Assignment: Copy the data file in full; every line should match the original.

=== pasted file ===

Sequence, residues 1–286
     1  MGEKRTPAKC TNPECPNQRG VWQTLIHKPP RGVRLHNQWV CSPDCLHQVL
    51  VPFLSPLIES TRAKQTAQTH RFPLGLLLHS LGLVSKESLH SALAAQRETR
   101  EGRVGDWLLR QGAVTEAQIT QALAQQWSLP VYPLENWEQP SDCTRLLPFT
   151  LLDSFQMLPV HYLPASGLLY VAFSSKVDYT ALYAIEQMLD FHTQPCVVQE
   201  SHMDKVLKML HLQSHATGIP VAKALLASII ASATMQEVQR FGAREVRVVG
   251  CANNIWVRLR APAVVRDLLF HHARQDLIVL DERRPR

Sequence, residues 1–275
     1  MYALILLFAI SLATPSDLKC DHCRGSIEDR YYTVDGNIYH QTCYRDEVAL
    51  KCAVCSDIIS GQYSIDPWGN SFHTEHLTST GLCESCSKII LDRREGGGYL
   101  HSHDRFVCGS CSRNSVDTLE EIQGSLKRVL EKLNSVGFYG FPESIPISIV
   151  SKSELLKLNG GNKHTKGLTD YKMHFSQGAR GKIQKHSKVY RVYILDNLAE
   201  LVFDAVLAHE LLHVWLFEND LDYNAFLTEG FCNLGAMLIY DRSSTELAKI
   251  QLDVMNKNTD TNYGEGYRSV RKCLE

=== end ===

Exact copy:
Sequence, residues 1–286
     1  MGEKRTPAKC TNPECPNQRG VWQTLIHKPP RGVRLHNQWV CSPDCLHQVL
    51  VPFLSPLIES TRAKQTAQTH RFPLGLLLHS LGLVSKESLH SALAAQRETR
   101  EGRVGDWLLR QGAVTEAQIT QALAQQWSLP VYPLENWEQP SDCTRLLPFT
   151  LLDSFQMLPV HYLPASGLLY VAFSSKVDYT ALYAIEQMLD FHTQPCVVQE
   201  SHMDKVLKML HLQSHATGIP VAKALLASII ASATMQEVQR FGAREVRVVG
   251  CANNIWVRLR APAVVRDLLF HHARQDLIVL DERRPR

Sequence, residues 1–275
     1  MYALILLFAI SLATPSDLKC DHCRGSIEDR YYTVDGNIYH QTCYRDEVAL
    51  KCAVCSDIIS GQYSIDPWGN SFHTEHLTST GLCESCSKII LDRREGGGYL
   101  HSHDRFVCGS CSRNSVDTLE EIQGSLKRVL EKLNSVGFYG FPESIPISIV
   151  SKSELLKLNG GNKHTKGLTD YKMHFSQGAR GKIQKHSKVY RVYILDNLAE
   201  LVFDAVLAHE LLHVWLFEND LDYNAFLTEG FCNLGAMLIY DRSSTELAKI
   251  QLDVMNKNTD TNYGEGYRSV RKCLE